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Born And Live In D.C.? You're In The Minority

In 2012, 37 percent of D.C. residents were born in the city.
Mr. T in D.C.: http://www.flickr.com/photos/mr_t_in_dc/1782961516/
In 2012, 37 percent of D.C. residents were born in the city.

Are you a D.C. resident that was born here? If so, you're in a distinct minority.

In 2012, only 37 percent of the District's residents were born in the city, the third-lowest proportion in the entire country. In Nevada, only 25 percent of residents were born in the state, while in Florida 36 percent of residents were also born there.

The findings come from U.S. Census data crunched and visualized by The Upshot, a politics and policy website run by The New York Times.

According to historical data, D.C. has always been a city of transients: Since 1900, the highest proportion of residents born here came in 1970, when it hit 49 percent. In the 1940s and 50s, it bottomed out at 33 percent.

The data also shows that in 2012 five percent of D.C. residents were born in New York, four percent in Virginia and Maryland apiece, and three percent in California, North Carolina and Pennsylvania. Historically, it was Virginians that topped the list of out-of-staters living in D.C., but they were overtaken by New Yorkers after the 2000 census.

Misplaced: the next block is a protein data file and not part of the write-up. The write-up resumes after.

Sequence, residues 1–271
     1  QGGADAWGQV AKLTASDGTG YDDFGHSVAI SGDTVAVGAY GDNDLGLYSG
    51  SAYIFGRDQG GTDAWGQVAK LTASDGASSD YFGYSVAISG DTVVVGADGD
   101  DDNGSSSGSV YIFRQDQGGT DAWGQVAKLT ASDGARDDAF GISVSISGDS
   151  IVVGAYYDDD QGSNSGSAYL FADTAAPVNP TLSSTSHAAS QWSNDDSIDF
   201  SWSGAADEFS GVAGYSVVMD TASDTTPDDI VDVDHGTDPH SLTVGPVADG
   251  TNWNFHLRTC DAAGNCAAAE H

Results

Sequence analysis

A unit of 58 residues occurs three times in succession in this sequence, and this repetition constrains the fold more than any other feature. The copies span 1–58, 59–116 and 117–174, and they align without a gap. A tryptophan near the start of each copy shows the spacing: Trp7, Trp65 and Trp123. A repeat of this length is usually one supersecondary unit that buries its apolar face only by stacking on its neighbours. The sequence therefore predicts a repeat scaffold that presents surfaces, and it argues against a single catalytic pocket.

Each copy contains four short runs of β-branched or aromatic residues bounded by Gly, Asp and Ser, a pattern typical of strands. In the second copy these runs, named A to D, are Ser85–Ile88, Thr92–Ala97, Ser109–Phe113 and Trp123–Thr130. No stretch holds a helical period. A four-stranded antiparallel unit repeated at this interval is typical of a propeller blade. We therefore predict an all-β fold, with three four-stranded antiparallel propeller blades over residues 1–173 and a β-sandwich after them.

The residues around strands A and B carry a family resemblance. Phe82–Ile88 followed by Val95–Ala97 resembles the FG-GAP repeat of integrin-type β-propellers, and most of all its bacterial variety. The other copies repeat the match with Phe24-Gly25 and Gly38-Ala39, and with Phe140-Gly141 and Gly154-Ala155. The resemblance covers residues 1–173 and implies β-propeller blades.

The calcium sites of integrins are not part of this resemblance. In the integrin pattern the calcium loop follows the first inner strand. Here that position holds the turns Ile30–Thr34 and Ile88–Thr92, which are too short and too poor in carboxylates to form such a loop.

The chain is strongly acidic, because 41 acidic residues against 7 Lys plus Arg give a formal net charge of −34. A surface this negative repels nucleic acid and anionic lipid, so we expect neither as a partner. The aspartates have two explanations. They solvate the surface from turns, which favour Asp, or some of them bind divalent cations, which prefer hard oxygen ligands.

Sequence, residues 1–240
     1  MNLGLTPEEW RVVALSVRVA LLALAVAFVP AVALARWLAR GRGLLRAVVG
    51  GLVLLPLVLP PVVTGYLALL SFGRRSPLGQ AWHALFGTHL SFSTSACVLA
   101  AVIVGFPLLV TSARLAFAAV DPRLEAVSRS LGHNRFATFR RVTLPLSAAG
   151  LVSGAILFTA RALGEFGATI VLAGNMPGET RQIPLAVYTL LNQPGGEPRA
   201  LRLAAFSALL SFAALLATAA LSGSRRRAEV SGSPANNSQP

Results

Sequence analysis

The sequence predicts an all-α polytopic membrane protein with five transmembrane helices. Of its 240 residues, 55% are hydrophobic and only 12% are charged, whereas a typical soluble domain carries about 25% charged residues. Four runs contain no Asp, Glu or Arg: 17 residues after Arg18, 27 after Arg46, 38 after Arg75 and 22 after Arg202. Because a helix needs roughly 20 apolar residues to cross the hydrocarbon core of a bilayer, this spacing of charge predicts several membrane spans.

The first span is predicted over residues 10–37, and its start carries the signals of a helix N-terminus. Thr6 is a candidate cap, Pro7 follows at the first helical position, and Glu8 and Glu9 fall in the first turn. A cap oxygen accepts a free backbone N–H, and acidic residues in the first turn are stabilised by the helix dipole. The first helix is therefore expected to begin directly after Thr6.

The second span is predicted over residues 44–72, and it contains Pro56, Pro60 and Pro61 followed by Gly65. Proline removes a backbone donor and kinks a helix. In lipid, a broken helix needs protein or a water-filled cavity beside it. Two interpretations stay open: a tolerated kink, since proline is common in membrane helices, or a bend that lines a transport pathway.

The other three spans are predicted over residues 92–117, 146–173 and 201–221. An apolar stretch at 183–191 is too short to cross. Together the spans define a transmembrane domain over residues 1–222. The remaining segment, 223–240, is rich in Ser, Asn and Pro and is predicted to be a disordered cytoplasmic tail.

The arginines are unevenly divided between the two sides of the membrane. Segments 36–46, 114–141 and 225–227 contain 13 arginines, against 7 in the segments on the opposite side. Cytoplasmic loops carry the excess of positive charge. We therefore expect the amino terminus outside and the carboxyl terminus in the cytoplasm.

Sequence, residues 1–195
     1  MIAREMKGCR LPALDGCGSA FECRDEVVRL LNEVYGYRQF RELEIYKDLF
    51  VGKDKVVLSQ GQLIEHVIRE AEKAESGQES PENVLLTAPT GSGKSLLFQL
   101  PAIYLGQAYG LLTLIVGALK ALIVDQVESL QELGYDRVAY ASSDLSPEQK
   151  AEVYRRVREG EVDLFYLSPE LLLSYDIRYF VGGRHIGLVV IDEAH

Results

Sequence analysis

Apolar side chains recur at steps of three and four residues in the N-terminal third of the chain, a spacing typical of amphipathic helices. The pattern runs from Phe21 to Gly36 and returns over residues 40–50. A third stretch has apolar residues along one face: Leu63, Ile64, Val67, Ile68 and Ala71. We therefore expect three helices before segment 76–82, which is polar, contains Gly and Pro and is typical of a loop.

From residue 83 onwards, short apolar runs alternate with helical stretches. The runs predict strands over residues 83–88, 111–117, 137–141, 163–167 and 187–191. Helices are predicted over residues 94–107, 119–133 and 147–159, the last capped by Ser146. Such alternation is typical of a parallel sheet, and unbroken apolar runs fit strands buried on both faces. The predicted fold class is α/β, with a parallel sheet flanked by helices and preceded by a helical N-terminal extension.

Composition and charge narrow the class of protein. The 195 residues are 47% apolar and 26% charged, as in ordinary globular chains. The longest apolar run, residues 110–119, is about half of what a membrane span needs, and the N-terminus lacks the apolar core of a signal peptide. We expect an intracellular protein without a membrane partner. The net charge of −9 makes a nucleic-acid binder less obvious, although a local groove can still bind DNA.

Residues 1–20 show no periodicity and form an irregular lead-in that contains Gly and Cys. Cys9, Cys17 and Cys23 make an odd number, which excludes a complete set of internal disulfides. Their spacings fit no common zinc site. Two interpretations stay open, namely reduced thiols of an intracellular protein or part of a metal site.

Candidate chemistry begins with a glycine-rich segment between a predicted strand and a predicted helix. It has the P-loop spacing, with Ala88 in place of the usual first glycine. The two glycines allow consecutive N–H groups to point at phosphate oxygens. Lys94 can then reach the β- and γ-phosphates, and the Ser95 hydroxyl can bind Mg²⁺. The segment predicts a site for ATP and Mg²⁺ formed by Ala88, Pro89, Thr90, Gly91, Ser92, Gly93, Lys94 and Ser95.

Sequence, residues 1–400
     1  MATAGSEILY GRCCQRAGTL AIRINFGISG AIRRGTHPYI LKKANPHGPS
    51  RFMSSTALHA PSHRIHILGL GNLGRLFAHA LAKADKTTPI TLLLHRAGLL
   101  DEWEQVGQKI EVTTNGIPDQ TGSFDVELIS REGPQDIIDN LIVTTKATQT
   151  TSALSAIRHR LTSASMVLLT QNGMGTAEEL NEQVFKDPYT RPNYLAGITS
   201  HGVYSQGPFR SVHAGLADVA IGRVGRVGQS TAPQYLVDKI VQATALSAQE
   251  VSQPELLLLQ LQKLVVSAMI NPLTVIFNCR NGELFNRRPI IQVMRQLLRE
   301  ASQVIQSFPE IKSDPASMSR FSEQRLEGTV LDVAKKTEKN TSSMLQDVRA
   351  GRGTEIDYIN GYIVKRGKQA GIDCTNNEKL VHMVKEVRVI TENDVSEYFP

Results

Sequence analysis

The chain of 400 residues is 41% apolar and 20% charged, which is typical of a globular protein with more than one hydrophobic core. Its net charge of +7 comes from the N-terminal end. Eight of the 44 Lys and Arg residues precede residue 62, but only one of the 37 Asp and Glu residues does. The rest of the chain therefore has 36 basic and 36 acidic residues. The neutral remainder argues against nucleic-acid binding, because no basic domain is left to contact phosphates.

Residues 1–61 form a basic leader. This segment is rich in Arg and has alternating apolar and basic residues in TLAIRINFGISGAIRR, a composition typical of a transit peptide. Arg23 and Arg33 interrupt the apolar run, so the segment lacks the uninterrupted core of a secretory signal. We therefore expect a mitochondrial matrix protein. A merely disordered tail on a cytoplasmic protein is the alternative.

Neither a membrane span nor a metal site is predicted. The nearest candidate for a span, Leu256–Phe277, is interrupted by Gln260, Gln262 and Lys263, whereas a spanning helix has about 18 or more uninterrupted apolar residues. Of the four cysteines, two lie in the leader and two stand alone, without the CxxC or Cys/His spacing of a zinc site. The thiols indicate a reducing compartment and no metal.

Of course, as with many rankings that compare D.C. to the states, there is a caveat: When compared to other cities, D.C. isn't too far off the mark when it comes to residents who were also born here. D.C. is also the smallest "state" in these samples.

In Virginia in 2012, 49 percent of residents were born in the commonwealth, though that number has steadily fallen over the last century — in 1910, for example, it was 90 percent. In 2012, four percent of Virginia residents were born in New York, while three percent hailed from North Carolina or Pennsylvania. (This might help explain why there are pockets of New York Yankees fans in D.C. and Virginia.)

In Maryland, 48 percent of residents were born there according to the 2012 census, while nine percent hailed from D.C. and four percent from Pennsylvania.

One thing that D.C., Maryland and Virginia have in common in the increase in foreign-born residents since 1980. In 2012, 16 percent of D.C. residents were born outside the U.S., up from seven percent in 1980. In Maryland, the increase over that same period was five to 15 percent, and in Virginia it went from four to 13 percent.


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